In December 2009, I starting going to the Cirque Romanès, which was playing every weekend up at Porte Champerret. The show was amazing, and I kept going back, weekend after weekend through the winter, until I had photos and an article and a feeling for the place. That article and some of those photos are below.
In America, tacking the word gypsy onto almost any other noun hints at a wild charm and the air of possibilities. Gypsy music, gypsy colors, gypsy dance — it’s nice to imagine someone, somewhere, who lives unencumbered by mortgage payments and year-end performance reviews.
For Europeans, the connotations are different. Besides conjuring the footloose or fancy-free, gypsy brings images of ramshackle campers parked too near tidy apartment buildings, women wearing several sweaters as they beg for change, or under-age pickpockets working tourists on the subway.
The backlash against the crime, ignorance and poverty popularly associated with the gypsy community has been particularly acute in central and eastern Europe, where the Rom minority is far larger than in the West. Hate crimes against them have increased in recent years, with fire-bombings and murder souring ethnic relations in Hungary, the Czech Republic, Slovakia and the Balkans.
Yet all that seems foreign to the Cirque Romanes, France’s best-known gypsy circus.
In the shadow of apartment towers rising just beyond the peripherique that encircles Paris, its maroon big top, hardly larger than a house, stands in an empty lot, encircled by potholes and campers. From inside, you hear the steady jounce of a stand-up bass carrying the beat under a woman’s almost Indian vibrato.
“It’s like a village, but in the city,” says Olivier Brandicourt, the man found hanging by his knees every week from the trapeze.
Arriving at the edge of town each November, the circus is an annual fixture in the capital for the winter, before it migrates south to warmer weather.
This year, for the first time, that orbit is widening beyond Europe. The Romanes, their name stamped in ornate white letters atop the tent, have played to packed houses this season, and were off to Shanghai this month for the world exposition which that city opened with great fanfare in May.
“The Chinese love the circus,” said Jose Freches, head of the French pavilion, explaining why the Romanes had been chosen to go. “It’s about a gypsy circus, with Indian origins,” which are the same as those of the Chinese circus, he said, the three countries united by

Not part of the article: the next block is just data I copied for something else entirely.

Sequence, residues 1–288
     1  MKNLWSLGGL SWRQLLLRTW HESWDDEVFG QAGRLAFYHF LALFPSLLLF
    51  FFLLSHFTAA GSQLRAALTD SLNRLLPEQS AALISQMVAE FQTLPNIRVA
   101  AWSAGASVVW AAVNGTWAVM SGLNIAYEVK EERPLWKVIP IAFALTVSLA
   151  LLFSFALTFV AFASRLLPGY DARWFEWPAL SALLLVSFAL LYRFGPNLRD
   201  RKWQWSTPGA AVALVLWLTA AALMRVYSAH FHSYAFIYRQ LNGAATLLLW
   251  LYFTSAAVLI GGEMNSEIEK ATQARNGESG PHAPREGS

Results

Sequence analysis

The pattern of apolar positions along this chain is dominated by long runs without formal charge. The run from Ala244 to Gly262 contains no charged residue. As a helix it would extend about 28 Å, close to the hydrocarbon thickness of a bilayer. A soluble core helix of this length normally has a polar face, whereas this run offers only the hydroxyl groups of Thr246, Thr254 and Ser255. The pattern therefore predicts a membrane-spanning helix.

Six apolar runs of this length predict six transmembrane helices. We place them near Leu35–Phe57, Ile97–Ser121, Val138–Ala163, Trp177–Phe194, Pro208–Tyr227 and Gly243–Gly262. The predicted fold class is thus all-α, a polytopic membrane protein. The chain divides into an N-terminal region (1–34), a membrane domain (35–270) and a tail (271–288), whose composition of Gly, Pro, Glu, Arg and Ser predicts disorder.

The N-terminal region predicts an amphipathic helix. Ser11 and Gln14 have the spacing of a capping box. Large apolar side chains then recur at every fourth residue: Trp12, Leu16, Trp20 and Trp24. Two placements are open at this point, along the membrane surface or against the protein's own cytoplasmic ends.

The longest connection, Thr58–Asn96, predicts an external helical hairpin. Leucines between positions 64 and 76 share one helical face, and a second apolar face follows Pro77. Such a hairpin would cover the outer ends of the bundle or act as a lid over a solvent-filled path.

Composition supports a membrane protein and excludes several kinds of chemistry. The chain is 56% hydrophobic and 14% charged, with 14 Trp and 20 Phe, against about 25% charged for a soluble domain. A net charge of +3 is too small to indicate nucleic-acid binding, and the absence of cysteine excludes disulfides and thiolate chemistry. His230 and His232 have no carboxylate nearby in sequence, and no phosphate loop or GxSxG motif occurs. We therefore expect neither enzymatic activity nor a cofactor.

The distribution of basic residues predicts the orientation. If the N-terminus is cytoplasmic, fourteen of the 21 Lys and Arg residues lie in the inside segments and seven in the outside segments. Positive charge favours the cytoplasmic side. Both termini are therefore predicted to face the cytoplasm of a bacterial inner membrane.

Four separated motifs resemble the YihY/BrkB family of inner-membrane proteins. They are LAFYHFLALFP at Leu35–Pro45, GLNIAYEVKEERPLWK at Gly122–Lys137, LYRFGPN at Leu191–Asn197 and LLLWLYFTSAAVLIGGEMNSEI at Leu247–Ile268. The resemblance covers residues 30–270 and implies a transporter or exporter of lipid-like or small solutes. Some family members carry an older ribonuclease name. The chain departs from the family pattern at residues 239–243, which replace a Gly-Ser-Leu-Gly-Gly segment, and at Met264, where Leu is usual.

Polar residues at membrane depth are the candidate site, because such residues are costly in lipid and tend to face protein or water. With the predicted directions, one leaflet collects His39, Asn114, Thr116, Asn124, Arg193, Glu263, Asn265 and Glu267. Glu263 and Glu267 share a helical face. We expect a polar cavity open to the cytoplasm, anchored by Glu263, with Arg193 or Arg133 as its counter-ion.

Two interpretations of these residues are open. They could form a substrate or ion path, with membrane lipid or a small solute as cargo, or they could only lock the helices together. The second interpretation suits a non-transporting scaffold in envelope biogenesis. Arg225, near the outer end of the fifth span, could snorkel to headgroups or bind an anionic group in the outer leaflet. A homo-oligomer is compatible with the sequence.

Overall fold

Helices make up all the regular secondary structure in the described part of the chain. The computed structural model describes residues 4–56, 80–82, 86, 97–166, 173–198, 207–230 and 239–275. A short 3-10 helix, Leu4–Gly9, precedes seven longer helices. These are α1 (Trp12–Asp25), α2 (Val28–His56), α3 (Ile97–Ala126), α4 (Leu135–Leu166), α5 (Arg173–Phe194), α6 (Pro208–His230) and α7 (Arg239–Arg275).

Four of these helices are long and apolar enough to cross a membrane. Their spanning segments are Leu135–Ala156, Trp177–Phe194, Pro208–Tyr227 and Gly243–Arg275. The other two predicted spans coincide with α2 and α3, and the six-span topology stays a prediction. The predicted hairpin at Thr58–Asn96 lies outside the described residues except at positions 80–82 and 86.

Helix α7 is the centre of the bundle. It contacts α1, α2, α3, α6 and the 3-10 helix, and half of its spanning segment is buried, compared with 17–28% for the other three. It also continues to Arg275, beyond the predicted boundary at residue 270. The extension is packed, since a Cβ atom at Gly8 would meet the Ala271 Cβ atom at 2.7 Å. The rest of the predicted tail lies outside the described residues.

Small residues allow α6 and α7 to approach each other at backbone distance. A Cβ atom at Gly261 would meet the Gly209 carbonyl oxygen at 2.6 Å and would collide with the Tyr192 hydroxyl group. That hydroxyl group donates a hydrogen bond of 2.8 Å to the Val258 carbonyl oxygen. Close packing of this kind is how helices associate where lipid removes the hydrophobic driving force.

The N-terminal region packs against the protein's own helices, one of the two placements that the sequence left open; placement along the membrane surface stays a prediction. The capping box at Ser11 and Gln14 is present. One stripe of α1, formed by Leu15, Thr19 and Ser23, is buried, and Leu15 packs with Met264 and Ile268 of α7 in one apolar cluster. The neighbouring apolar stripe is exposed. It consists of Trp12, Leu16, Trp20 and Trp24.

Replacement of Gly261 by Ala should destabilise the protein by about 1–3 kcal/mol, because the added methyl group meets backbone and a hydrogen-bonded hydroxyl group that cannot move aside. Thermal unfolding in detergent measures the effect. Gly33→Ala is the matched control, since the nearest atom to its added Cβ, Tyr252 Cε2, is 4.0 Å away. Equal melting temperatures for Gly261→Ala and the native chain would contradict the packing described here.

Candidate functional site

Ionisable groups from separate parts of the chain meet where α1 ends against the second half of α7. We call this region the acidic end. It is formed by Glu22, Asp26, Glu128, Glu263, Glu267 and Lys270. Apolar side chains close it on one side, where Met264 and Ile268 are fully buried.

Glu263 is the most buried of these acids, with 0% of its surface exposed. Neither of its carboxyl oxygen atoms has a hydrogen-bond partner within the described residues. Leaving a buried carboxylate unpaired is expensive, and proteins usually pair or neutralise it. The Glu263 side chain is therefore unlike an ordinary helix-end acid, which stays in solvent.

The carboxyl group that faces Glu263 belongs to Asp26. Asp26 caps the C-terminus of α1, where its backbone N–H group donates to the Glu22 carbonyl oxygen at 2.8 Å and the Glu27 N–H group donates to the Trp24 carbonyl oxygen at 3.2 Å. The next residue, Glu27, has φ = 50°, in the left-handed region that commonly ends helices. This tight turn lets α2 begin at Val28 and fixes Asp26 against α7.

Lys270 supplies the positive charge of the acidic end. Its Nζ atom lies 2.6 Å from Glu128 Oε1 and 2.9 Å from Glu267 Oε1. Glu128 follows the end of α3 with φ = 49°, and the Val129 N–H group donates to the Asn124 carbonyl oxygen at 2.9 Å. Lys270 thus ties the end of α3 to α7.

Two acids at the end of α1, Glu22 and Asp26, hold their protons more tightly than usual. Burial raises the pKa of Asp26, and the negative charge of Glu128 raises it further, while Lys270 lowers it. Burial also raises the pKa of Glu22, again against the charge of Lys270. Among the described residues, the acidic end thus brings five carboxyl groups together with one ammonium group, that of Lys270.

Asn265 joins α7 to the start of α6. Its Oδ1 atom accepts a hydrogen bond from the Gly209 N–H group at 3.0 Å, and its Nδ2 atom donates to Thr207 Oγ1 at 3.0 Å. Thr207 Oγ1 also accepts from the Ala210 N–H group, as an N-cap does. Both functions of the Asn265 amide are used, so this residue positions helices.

the Silk Road.
In some ways, the selection of the Romanes to represent France is unlikely; last autumn, they applied for more than a dozen permits to set up their Paris tent, before obtaining one. But they’re following in Paris is loyal, and the name has spread abroad. Talks are under way for tours in Australia and New York after their visit to Shanghai.
“We are more like birds than human beings,” says Alexandre Romanes, who founded the circus 17 years ago, after a first career as a baroque musician. In his customary bowler, he spends the show constantly on the move, greeting and directing the crowd and crew.
But even birds need to land somewhere, and the Romanes are calling for a more permanent center for Gypsy culture, where other groups like theirs — often marginalized — might meet the public.
Run by Alexandre and his wife, Delia, the show is a hybrid of traditional circus numbers like the tightrope, and newer acts almost dance pieces, all performed as the family, a orchestra in miniature, plays in an offset line facing the stands.
As their fame has grown, so have the crowds. Long a favorite of Paris’s bourgeois bohemians (bobos), the circus in the past year or so has started to draw a wider audience from the suburbs, who “don’t necessarily come because they identify with gypsies,” Mr. Brandicourt noted.
Those packing the 340 seats are seeking neither polished choreography nor uncommon feats of daring-do.
“Everyone has a place here: the old, the young,” said Juliette Jourdan, a young French mother with her six-year- old girl. “The gypsies still have something we’ve lost — family values, solidarity — they don’t really care about profit.”
With the Romanes, circus and family are almost synonymous.
Delia, the singer, rises from the row of chairs where her sisters look on each night, and begins her mournful vibrato; her adopted father follows on the violin, as her middle daughter hangs in the air under the spotlights, black hair as long as the rope she turns on.
Meanwhile, her two young nephews wait their turn to juggle, Alexandre keeps the show going with a quiet hand, and her mother prepares mulled wine for when the clapping is done.
“Family is everything. It’s the origin,” Delia says. Any friend of the Romanes is introduced with a “C’est de la famille!”
About 200 years ago, jugglers, strongmen and acrobats of all stripes moved off the French streets and into the bigtops. The performers of those early years produced dynasties, marrying among themselves and training their children to perform. They have made the circus a world of close and distant relations.
“The circus is one of the last milieux in the West that still exists in itself, that reproduces itself, like an Indian caste,” said Sylvestre Barré-Meinzer, an ethnologist who spent years studying that world in France, and who herself once had a rope number. “It’s a closed world, on the defensive, but very generous to those who belong.”
Nomadic and poorly understood by outsiders, the world of the circus mirrors the gypsies, so a gypsy circus is in a sense doubly removed. And yet, it connects.
When the show is over and the mulled wine gone, the crowd dwindles and the music peters out. All that’s left is the empty ring, a worker sweeping, someone waving a flashlight for umbrellas fallen under the stands.
“What’s the circus good for?” Mr. Brandicourt muses, and leans back on the bleachers. “Nothing, luckily.”